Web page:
Matthew “6:27 Which of you by taking thought can add one cubit unto his stature?
“As we all breakfasted together on the morning of 24, March 1943, I could have no idea of the shadows that were already reaching out towards my two light-hearted passengers.” Hugh Verity, We Landed by Moonlight~
Research—I tend to enjoy much of the reading that goes with research. The distinguished Hugh Verity was a decorated pilot who, as the title of his book says, was a part of the RAF that helped land agents in the French resistance movement by moonlight during World War II.
There was research for each one of my first three books (the Ebenezer series), such as research behind (beginning date on June 10, 1987, for the first book, If I Should Die) the weather, clothing styles, music, technology for phones and computers, cars and many different aspects we don’t normally think about.
At this time I’m working on a new book set in the 1930s through 1957. As I work in the era of what we call “The Great Depression”, I’m amazed at the depth and quality of life and death.
The late 1800s and on through the 1900s exploded with inventions from the automobile to airplanes and trains. As one gospel preacher, Marshal Keeble, put it, From Mule Back to Super Jet with the Gospel.
The thoughts here aren’t about research they are about legacy. Legacy has an edge of memories to it. As someone said in an earlier post, “we exist as long as we are remembered.”
But legacy is more than memory. A legacy is something left behind to others—sometimes by someone who is/was known to them but not always. A legacy can be good or bad, beneficial or a hindrance.
There is a term for the WWII generation that gave so much, not just for our country, but for the freedoms the entire world has enjoyed since. They are known as “The Greatest Generation.”
They have given us the benefits of their sacrifices—a legacy. As I work through the research for my next novel, “Gene’s Story: Tears In His Bottle” there are so many nuances, and although the tough grit and determination of those men and women have been so outstanding…
As someone stated, it’s the parents of that generation who ought to be applauded. The generation that went before the greatest generation were the ones that suffered as adults through the depression era and the dust bowl era, the horror and struggle of raising their families.
Some didn’t make it. They walked out on their families, but many did hold the course. They went from the roaring twenties into the fire of the thirties, forging the generation that fought in WWII in the forties.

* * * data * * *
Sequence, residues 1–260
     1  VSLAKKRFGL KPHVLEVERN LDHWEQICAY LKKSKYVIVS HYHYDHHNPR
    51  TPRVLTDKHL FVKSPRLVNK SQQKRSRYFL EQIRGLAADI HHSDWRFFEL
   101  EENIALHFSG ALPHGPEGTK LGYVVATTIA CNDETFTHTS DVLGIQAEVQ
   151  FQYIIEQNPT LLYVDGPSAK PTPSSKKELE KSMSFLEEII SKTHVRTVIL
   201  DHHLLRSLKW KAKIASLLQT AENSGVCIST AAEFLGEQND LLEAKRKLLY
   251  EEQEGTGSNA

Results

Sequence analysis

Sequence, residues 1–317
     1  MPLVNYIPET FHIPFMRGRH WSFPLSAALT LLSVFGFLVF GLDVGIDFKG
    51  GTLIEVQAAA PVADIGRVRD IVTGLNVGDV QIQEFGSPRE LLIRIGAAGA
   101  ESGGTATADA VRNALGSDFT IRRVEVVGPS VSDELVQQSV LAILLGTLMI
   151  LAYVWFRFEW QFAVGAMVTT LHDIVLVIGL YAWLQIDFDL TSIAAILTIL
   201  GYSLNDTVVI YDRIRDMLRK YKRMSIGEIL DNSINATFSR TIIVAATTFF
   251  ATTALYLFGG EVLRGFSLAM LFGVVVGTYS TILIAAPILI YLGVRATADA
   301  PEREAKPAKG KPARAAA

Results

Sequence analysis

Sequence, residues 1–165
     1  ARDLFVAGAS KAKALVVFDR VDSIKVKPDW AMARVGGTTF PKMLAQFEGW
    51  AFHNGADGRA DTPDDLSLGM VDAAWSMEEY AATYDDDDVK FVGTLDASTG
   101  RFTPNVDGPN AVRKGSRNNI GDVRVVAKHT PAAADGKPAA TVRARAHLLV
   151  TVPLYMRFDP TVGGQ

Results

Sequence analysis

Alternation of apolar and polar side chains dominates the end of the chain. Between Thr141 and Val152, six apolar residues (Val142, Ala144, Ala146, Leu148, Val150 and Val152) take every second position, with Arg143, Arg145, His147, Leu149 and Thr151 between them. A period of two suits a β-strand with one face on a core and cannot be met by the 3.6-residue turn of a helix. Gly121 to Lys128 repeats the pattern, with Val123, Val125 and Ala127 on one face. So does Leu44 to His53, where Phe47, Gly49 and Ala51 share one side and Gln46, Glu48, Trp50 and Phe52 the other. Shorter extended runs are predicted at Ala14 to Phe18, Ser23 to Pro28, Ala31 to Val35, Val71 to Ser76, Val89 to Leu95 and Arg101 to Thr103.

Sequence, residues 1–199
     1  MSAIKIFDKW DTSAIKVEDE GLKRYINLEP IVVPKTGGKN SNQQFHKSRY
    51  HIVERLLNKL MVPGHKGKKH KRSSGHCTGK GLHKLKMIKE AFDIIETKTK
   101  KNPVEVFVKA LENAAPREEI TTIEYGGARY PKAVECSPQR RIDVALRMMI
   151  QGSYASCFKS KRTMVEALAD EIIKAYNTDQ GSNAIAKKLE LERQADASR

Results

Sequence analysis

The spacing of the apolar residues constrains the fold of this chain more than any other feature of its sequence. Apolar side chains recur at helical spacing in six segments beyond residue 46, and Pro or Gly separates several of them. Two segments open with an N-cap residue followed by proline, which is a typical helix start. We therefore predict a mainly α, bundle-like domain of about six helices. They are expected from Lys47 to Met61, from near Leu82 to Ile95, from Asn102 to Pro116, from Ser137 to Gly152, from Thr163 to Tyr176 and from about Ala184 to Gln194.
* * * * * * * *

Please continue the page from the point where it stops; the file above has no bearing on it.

Legacies begin before they are inherited. When you ponder the idea that God put you where you are for such a time as this, and there are no coincidences, we ought to wonder.
I am past the point of contemplating on my life’s purpose. As quoted by Corrie Ten Boom, “Don’t bother to give God instructions, just report for duty.” I watch nature and after many years I’ve decided the sun doesn’t ask, why do I exist? and animals don’t wonder what their job is. The birds and bees don’t fret about any of those things either. They just report for duty.
So, what’s the legacy of all of this? The scriptures tell us all sorts of advice. The first necessity is to know God (and be known by God). The last is to trust God.
“23 Thus saith the LORD, Let not the wise man glory in his wisdom, neither let the mighty man glory in his might, let not the rich man glory in his riches:
24 But let him that glorieth glory in this, that he understandeth and knoweth me, that I am the LORD which exercise lovingkindness, judgment, and righteousness, in the earth: for in these things I delight, saith the LORD.”
“27 Which of you by taking thought can add one cubit unto his stature?
30 Wherefore, if God so clothe the grass of the field, which to day is, and to morrow is cast into the oven, shall he not much more clothe you, O ye of little faith?
31 Therefore take no thought, saying, What shall we eat? or, What shall we drink? or, Wherewithal shall we be clothed?
32 (For after all these things do the Gentiles seek:) for your heavenly Father knoweth that ye have need of all these things.
33 But seek ye first the kingdom of God, and his righteousness; and all these things shall be added unto you.
34 Take therefore no thought for the morrow: for the morrow shall take thought for the things of itself. Sufficient unto the day is the evil thereof.”
As the two “light-hearted passengers” that Hugh Verity referenced in the first paragraph, didn’t know the horrors that were to come—none of us know what shadows, good or evil, are reaching toward us. However, it is important to be ready, to be prepared.
Matthew “6: 34 Take therefore no thought for the morrow: for the morrow shall take thought for the things of itself. Sufficient unto the day is the evil thereof.”